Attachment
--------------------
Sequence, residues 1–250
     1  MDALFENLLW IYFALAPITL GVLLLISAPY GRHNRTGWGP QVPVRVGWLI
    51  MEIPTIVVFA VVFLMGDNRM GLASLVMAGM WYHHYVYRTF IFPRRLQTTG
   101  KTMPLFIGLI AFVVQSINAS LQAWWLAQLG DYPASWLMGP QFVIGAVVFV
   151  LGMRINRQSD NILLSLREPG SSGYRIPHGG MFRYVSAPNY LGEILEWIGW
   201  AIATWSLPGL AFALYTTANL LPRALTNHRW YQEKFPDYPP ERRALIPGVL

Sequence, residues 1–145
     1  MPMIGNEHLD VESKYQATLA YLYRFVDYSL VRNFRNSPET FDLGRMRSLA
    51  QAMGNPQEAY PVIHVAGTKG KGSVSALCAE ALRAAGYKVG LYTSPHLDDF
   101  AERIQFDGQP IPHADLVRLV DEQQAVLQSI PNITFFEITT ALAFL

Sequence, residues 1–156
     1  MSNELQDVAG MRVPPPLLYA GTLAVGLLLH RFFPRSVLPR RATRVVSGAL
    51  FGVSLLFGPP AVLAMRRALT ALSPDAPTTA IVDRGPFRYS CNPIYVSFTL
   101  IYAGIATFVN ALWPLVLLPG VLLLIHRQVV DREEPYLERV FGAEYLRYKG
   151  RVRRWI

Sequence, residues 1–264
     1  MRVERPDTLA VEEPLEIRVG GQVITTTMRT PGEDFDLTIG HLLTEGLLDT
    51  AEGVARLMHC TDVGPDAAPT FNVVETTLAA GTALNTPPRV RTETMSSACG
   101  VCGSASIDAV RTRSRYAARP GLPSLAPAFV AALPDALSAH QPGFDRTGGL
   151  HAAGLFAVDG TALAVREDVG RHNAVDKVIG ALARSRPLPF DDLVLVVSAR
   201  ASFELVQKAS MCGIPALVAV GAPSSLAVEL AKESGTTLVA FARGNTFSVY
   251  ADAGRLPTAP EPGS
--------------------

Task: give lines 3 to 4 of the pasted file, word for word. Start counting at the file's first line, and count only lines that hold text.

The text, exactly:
    51  MEIPTIVVFA VVFLMGDNRM GLASLVMAGM WYHHYVYRTF IFPRRLQTTG
   101  KTMPLFIGLI AFVVQSINAS LQAWWLAQLG DYPASWLMGP QFVIGAVVFV